Next year is set to be an important year for Croatia. Not only will the country abandon its own currency, the kuna, in favour of the Euro on January 1st but it is also likely to become the 27th country to be integrated into the Schengen area of the European Union.

Croatia is getting very close to finally becoming a full member of the Schengen area in the European Union. The Schengen evaluation of Croatia started in 2016 and concluded in 2020. In October 2019, the Commission considered that Croatia had taken the measures needed to ensure the necessary conditions for the full application of the Schengen acquis.

To become part of Europe’s passport-free zone, Croatia had to fulfill 281 recommendations. Top of the list was the tightening of security at the external borders of the EU. Croatia will be responsible for monitoring travellers’ movements, particularly coming from Bosnia-Herzegovina, Montenegro and Serbia.

Decision on Croatia integration into Schengen in the autumn

It is now down to the European Parliament to express its opinion on the draft Council decision on the full application of the Schengen acquis in Croatia.

The draft text is now being sent to the European Parliament for consultation. Once the Parliament has delivered its opinion, the decision may be submitted to the Council for adoption. The Council decision must to be adopted unanimously by those member states which already apply all parts of the Schengen acquis, plus Croatia.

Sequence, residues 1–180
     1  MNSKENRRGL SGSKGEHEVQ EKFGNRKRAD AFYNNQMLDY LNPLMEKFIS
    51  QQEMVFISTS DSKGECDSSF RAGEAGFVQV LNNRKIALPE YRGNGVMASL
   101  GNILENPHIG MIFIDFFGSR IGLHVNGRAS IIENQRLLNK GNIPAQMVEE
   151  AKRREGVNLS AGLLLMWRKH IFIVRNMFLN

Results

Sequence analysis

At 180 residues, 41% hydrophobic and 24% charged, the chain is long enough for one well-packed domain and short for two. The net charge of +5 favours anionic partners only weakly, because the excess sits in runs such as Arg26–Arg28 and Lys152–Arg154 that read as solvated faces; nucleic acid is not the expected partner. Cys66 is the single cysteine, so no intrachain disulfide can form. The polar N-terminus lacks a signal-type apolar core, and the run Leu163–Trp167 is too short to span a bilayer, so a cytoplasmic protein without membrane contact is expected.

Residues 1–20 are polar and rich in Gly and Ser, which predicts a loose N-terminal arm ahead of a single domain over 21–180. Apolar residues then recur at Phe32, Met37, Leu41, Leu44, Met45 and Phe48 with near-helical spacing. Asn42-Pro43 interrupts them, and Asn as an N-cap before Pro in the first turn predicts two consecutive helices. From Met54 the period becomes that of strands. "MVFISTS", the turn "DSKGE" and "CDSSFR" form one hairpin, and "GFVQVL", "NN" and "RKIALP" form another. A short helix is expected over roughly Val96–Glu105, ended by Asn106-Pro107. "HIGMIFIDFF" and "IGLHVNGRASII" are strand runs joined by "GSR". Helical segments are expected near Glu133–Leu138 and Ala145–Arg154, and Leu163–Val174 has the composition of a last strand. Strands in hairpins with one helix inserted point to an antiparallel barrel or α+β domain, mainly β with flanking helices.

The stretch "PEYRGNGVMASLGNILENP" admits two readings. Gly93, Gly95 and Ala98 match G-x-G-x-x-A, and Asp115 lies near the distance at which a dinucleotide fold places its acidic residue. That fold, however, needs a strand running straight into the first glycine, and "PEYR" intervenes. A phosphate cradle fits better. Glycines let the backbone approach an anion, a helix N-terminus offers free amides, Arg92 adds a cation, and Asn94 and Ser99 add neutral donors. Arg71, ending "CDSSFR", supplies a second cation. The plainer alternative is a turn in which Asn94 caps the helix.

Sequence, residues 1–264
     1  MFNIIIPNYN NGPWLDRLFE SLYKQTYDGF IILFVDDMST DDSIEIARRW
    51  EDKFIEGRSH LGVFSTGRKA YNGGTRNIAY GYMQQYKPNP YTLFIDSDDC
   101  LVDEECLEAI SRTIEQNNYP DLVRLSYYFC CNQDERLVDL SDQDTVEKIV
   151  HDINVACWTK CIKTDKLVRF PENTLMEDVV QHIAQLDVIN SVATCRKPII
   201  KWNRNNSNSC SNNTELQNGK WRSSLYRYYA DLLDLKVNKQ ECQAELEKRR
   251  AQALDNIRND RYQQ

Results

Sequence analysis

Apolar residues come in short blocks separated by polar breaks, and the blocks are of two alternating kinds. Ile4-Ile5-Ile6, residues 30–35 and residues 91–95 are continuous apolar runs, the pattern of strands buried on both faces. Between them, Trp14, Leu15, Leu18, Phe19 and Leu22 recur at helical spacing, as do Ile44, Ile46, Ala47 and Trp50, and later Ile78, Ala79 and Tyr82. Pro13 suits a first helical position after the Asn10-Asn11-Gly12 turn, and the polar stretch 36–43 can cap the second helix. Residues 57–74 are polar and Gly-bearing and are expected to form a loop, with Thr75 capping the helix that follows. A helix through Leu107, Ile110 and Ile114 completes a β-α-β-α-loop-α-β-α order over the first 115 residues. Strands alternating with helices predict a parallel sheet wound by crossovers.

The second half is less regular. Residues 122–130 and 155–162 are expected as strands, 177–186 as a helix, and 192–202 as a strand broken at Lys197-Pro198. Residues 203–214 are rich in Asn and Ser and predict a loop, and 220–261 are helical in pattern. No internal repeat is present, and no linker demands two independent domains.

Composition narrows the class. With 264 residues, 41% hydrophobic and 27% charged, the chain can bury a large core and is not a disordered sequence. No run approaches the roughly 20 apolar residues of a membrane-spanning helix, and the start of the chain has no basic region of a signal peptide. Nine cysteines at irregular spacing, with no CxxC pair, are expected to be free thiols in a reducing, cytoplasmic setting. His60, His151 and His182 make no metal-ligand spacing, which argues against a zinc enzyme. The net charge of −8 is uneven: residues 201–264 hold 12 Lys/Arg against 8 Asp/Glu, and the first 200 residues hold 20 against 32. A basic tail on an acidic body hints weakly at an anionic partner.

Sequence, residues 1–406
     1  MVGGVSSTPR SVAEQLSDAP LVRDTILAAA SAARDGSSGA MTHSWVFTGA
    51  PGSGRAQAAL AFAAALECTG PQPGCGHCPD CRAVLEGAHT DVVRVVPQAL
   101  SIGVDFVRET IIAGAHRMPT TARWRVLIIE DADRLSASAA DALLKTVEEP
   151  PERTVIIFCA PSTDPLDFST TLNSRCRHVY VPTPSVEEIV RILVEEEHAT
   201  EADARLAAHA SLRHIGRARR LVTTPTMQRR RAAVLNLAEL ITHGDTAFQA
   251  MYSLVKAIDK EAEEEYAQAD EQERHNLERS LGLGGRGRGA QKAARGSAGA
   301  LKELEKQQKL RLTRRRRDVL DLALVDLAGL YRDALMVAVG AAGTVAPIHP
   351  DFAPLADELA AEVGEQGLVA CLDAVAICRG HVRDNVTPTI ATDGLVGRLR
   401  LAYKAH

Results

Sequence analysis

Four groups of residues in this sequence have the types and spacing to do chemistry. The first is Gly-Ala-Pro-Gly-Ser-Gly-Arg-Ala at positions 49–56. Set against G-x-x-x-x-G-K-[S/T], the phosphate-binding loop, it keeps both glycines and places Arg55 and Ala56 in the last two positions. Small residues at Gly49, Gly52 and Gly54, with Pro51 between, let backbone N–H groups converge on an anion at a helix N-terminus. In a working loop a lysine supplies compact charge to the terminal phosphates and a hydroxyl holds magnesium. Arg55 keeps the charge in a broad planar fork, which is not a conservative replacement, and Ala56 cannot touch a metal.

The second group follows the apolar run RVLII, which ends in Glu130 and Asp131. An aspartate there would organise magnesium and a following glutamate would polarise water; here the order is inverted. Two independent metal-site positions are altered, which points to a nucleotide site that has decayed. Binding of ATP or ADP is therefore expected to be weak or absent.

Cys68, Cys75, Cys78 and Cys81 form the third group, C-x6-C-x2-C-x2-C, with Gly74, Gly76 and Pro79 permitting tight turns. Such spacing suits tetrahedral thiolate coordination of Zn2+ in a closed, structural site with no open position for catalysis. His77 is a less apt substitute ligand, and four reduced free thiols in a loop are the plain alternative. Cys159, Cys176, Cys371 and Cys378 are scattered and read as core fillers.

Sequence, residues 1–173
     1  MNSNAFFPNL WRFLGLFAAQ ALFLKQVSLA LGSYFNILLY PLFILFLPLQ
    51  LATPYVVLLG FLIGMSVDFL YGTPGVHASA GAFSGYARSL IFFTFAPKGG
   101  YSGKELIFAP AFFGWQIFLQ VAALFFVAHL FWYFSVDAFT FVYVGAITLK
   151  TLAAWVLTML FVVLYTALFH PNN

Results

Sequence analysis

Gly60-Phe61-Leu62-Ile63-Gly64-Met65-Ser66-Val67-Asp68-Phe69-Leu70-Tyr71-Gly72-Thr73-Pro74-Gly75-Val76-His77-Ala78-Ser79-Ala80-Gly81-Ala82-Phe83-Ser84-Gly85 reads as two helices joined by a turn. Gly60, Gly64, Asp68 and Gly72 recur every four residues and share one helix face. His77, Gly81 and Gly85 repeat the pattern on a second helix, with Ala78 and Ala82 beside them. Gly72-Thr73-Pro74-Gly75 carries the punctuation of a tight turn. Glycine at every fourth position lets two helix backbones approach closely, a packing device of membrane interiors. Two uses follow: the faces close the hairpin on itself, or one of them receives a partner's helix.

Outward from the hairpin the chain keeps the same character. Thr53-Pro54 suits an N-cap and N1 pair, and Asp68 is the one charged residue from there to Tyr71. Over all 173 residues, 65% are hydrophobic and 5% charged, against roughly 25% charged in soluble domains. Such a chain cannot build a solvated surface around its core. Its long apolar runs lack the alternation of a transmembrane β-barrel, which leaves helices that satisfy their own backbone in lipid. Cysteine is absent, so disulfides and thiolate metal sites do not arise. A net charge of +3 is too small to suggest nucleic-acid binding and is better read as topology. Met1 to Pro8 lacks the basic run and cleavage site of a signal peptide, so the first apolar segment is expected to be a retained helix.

Croatian Prime Minister, Andrej Plenković, recently spoke about how Croatia’s admission to the Schengen area would mean a lot for tourism. Travellers coming from overseas will then be able to visit Croatia without asking for a specific visa if they have already a Schengen visa. Land transportation time will be reduced as controls will be abolished between Croatia and neighbouring countries, such as Slovenia and Hungary that are already in the Schengen area.

If fully adopted, no controls will take place at land borders on January 1st, 2023. However, airports would need more time to prepare. The abolition of passport’s controls is likely to take place from March 2023.

Croatia in Schengen and Eurozone
National Theatre in Zagreb/Photo: LC/Cleverdis)

Euro confirmed as Croatia official currency

Another important evolution is also the introduction of the Euro currency in Croatia from January 1st, 2023. Croatia would then become the 20th member of the eurozone on that date. According to a statement from the ECB, the European Central Bank: “The Commission has concluded that Croatia is ready to adopt the euro.”

Once a formal approval is enacted by the 27 EU economy ministers in July, Croatia will prepare to switch its monetary system from the kuna to the euro.

Croatia will then adopt dual pricing in the autumn and will then switch over completely to the euro over the New Year with the conversion rate being set at 7.53 kuna to one euro. The adoption of the euro in Croatia will also have a positive effect on tourists travelling from and around Europe, who will no longer have to change currency when travelling to the country.

During the first five months of 2022, tourism in Croatia continued its strong recovery. The country recorded almost 10 million overnights, up by 153% over the same period of 2021. This number represents already 88% of the results recorded in 2019, the last year prior to the Covid pandemic.

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